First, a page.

Over 50 scholars and clergy ended three days of deep reflection, relationship, intention and action with closing words from Archbishop Don Tamihere and a Eucharist led by visiting Archbishops Chris Harper and Marinez Bassotto.
“Learning happens through a matrix of relations.” This was the observation of Hong Kong-born, US-based theologian Dr Kwok Pui Lan, at the close of the first day of the Anglican Indigenous Leadership Initiative (AILI).
Arriving that afternoon as strangers, from indigenous cultures that have little contact with one another, delegates taking part in the AILI departed on Wednesday the 27th September as friends, colleagues and kin, each one with fresh knowledge and understanding to take home to their respective nations.
During the mihi on that first day, leaders had been asked to share their whakapapa (genealogy), their background, a view on leadership and a food that reminded them of home. Answers were both familiar – banana loaf, chicken curry, kamokamo, rewena – and more foreign. Acai berries, collard greens, hot buttered popcorn and moose steak all featured from those who had travelled the furthest.
Archbishop Tamihere says spending time getting to know one another during this special introductory afternoon set the tone for the AILI and its ultimate success. “Methodology is as effective as outcomes,” he says. “There is no journal, no book on what it means to be an Anglican leader in light of indigeneity. We are writing it, now, through wananga – and building relationships is the first step we take.”
The final morning began with workshopping three important aspects of leadership as they pertain to indigeneity and Anglicanism.
Dr Jenny Te Paa-Daniel (Ōtepoti) led a group discussing theological education, and how it could be reshaped in a “redemptive solution” to the current situation, which is, in some cases, a traumatising experience for indigenous scholars.
It was suggested that a kaitiaki group establish to ensure priorities are identified, met and regularly reviewed – these could include an audit of the current education landscape (everything from informal bible study to theological qualifications), identification of training opportunities required, leading cross-sector collaboration, and removing whakamā (shame/stigma) and elitism from educational opportunities. “We want to guarantee success, so that our scholars take their rightful place within the academies of the world,” concluded Dr TePaa-Daniel.
Archdeacon Susan Wallace (Te Waipounamu) reported back on her group’s interrogation of governance and structure, mooting a local coalition, seeded by those attending AILI, that would meet annually. “Through collective self-determination, we would work towards a transformation of institutions. We might offer indigenous governance training and intentional mentorship, opening our arms to other indigenous people within our Communion and across the world.”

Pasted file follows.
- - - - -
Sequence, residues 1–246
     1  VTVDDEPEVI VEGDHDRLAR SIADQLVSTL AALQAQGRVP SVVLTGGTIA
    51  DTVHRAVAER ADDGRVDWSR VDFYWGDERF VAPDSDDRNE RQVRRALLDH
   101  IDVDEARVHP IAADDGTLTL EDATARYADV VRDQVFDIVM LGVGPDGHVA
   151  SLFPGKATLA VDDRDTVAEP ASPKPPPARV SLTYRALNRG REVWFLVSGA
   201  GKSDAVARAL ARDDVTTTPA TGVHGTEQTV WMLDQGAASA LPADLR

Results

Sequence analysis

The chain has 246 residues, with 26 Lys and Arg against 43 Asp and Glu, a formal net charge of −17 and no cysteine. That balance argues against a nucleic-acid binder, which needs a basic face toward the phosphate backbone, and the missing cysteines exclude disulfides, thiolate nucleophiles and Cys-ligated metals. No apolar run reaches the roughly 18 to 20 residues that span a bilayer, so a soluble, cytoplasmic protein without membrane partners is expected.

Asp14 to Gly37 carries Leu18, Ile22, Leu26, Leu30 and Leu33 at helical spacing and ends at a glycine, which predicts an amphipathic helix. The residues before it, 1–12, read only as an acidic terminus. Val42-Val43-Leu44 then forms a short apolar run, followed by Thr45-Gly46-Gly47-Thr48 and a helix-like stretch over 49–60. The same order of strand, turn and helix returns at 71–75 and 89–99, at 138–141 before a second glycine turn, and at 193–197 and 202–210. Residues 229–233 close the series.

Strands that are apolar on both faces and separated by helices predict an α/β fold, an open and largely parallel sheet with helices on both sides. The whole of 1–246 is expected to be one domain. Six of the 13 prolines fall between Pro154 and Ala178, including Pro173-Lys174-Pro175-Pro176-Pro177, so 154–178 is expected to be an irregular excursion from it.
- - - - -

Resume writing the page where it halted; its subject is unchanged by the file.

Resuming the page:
Simon Heath and Vianney Douglas spoke of transforming kura, the possibility of creating an indigenous curriculum “and bringing in both educationalists and students to understand, what are the underlying values? What is the graduate profile, what are our children’s hopes on graduation? Investing in them now means they can be the focused leaders we hope for.”
Closing remarks from Archbishop Tamihere suggested leaving the wānanga having reframed what it means to be indigenous, to be colonised, to be controlled. “These are words that relate to negativity. What if we decide to develop a pedagogy of the free? Then, our theology would not speak of being oppressed, imprisoned, subjugated. What would that look like?”
“Here, you’ve become the founding establishment of a global wānanga of loving people. Thank you for being here and spending time and sharing.
“The one connecting thread that draws us together is friendship. Whanaungatanga, mātaraunga, indigeneity, and the idea of kaitiakitanga. It’s all been slowly forming, here, as in Mark chapter 4. Jesus tells us to scatter good ideas. Some will land on paths and not take root, some will land on brambles and suffocate, some will be stolen away by the birds of the air, but some will fall on good soil. We trust in that process, and it’s been deeply inspiring to observe that.”
The three-day wānanga concluded with the Eucharist, and Archbishop Chris Harper’s sermon urging delegates to take their messages, developed at the wānanga, to the world. “We have been very blessed to be able to gather under one roof, in one house for a short while. To share our commonalities, our prayers, our voice and our song. At the very beginning, I offered this message: that we all have one song, a song that all of us sing with one voice. And that is our life experience.
“You are the ambassador. The Almighty blesses you and has given you these gifts, these words, these steps and this moment.”
Image: Archbishop Marinez Bassotto. Photo Credit:Julanne Clark, Anglican Taonga.